The minimally clinically important difference (MCID) for FOTO FS Low Back is 5. Thus, a difference of 16.70 and 17.28 doesn’t mean much clinically to a patient and would be hardly noticeable in the clinic. However, a difference in improvement of 10 compared to 20 can be the difference between being able to walk you dog safely or having to leaving your furry friend at home. Large confidence intervals make it more difficult to apply the results to the general population as the results are less compatible with the test and background assumptions (i.e. biases).[4, 5] Understanding the magnitude of change and the confidence in outcomes is vital if we are going to translate research into clinical practice. That is the goal, is it not?
Currently, there is a large push for translational science, which is taking the basic science research and bringing it to clinical practice. We often see a divide in these two worlds. Researchers complain that clinicians rely too heavily on anecdotal experiences and fail to stay up to date with evidence, while clinicians complain that researchers don’t know what it is like to be in “the real world” and the clinic cannot be controlled like a study. There is a balance that needs to be struck but it cannot happen until researchers understand the demands and challenges of clinical practice and clinicians understand how to read, interpret, and apply evidence. As I stated earlier, this is not a comprehensive list of all the statistical analysis you will find in studies, they are however among the most common and most frequently misunderstood. It can be equally, if not more, detrimental to misrepresent data than avoiding it altogether. This is not a license to bury our heads in the sand and to go back to reading abstracts and relying on anecdotal evidence. Reading and understanding literature takes time and effort, however it is well worth it.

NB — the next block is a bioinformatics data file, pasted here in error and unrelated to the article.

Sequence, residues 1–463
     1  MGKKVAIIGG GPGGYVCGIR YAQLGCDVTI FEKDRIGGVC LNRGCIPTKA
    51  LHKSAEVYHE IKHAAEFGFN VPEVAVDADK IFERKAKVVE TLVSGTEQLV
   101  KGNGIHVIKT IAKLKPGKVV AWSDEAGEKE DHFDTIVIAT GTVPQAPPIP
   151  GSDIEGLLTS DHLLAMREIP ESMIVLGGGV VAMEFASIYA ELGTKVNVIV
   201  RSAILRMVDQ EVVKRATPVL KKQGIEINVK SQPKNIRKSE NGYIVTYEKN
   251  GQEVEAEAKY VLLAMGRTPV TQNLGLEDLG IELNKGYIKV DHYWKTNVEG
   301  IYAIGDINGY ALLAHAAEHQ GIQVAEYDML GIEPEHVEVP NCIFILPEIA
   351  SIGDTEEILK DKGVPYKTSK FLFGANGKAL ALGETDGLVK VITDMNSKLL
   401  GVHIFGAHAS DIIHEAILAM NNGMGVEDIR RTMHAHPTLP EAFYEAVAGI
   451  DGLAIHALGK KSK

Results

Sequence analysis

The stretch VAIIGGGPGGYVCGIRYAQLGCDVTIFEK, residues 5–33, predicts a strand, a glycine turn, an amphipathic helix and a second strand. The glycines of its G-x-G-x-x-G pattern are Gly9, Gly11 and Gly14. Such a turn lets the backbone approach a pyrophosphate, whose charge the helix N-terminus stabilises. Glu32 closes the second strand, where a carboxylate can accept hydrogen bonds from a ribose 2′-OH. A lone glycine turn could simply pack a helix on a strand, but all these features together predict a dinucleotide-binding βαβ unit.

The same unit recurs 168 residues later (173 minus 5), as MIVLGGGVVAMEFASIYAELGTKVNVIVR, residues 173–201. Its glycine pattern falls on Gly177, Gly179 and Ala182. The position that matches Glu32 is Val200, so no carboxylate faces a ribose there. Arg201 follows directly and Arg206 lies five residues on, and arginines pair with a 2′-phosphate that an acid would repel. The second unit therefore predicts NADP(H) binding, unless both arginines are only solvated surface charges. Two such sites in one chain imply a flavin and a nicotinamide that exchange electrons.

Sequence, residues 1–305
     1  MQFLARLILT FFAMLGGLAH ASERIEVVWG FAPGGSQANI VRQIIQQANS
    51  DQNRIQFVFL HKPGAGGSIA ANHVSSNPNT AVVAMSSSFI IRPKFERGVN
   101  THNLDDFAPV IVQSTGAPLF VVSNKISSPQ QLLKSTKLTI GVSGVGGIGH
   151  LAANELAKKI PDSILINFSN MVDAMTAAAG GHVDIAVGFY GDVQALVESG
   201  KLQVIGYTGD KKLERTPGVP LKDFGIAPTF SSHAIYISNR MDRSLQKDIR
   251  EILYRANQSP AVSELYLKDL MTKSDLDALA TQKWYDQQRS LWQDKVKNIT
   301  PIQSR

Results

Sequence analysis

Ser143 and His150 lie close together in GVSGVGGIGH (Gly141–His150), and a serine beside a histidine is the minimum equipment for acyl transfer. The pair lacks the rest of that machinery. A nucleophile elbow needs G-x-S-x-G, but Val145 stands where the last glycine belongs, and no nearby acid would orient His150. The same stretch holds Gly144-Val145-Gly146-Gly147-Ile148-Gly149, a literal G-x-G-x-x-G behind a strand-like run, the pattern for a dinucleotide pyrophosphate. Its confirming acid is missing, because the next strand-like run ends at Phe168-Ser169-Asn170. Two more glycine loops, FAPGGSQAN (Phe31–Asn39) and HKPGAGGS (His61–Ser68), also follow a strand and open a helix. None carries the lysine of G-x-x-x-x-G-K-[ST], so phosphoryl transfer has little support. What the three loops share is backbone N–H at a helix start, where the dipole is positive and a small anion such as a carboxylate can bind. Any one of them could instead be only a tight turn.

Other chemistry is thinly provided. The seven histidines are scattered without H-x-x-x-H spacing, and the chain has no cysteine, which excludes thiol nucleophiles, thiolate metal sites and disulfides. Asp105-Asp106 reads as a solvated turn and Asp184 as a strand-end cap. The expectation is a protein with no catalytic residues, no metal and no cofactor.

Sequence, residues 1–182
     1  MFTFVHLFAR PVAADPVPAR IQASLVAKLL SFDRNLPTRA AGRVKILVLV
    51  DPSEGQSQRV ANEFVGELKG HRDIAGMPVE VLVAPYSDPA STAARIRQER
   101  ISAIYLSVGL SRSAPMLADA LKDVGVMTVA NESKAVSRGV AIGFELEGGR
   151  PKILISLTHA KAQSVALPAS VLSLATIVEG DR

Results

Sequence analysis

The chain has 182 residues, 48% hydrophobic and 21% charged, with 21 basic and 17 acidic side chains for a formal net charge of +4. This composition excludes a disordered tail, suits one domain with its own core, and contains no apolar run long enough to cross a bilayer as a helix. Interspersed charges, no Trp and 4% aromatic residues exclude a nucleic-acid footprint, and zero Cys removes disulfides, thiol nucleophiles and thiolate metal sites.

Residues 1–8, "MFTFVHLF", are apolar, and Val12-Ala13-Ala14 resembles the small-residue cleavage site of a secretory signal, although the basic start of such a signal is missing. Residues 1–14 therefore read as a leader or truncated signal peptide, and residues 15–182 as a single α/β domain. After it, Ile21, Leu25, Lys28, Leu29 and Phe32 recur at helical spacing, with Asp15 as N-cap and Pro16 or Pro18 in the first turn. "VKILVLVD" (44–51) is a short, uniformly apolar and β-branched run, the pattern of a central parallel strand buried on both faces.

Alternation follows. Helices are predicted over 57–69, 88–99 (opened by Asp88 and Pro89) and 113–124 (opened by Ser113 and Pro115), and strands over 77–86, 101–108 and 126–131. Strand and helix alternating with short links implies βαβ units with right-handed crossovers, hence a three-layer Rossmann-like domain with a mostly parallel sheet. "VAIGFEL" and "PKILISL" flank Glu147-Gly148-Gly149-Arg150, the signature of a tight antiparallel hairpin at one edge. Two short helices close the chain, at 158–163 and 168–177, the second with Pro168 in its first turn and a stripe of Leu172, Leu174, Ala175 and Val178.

- van Tulder, M., et al., Chapter 3. European guidelines for the management of acute nonspecific low back pain in primary care. Eur Spine J, 2006. 15 Suppl 2: p. S169-91.
- Walston, Z. and J. McLester, Impact of low back pain chronicity on patient outcomes treated in outpatient physical therapy: a retrospective observational study. Arch Phys Med Rehabil, 2019.
- Schuemie, M.J., et al., Interpreting observational studies: why empirical calibration is needed to correct p-values. Stat Med, 2014. 33(2): p. 209-18.
- Chow Z.R.; Greenland, S., Semantic and cognitive tools to aide statistical inference. Applied Statistics, 2019. 21(Sept.).
- Greenland, S.C., Z.R., To aide statistical inference, emphasize unconditional descriptions of statistics. Applied Statistics, 2019. 21(Sept.).
ABOUT THE AUTHOR
Zach Walston, PT, DPT, OCS serves as the National Director of Quality and Research at PT Solutions. Zach grew up in Northern Virginia and earned his Bachelor of Science in Human Nutrition, Foods, and Exercise at Virginia Polytechnic Institute and State University. He then received his Doctorate of Physical Therapy from Emory University before graduating from the PT Solutions’ Orthopaedic Residency Program in 2015. Zach now serves as the Residency Program Coordinator and the director of the practice’s Clinical Mentorship Program providing training for over 100 physical therapists a year.
Zach has numerous research publications in peer-reviewed rehabilitation and medical journals. He has developed and taught weekend continuing education courses in the areas of plan of care development, exercise prescription, pain science, and nutrition. He has presented full education sessions at APTA NEXT conference and ACRM, PTAG, and FOTO annual conferences multiple platforms sessions and posters at CSM.
Zach is an active member of the Orthopedic and Research sections of the American Physical Therapy Association and the Physical Therapy Association of Georgia. He currently served on the APTA Science and Practice Affairs Committee and the PTAG Barney Poole Leadership Academy.
Zach currently lives in Marietta, GA with his wife, son, and two dogs. Connect with Zach on Twitter, LinkedIn, and his website.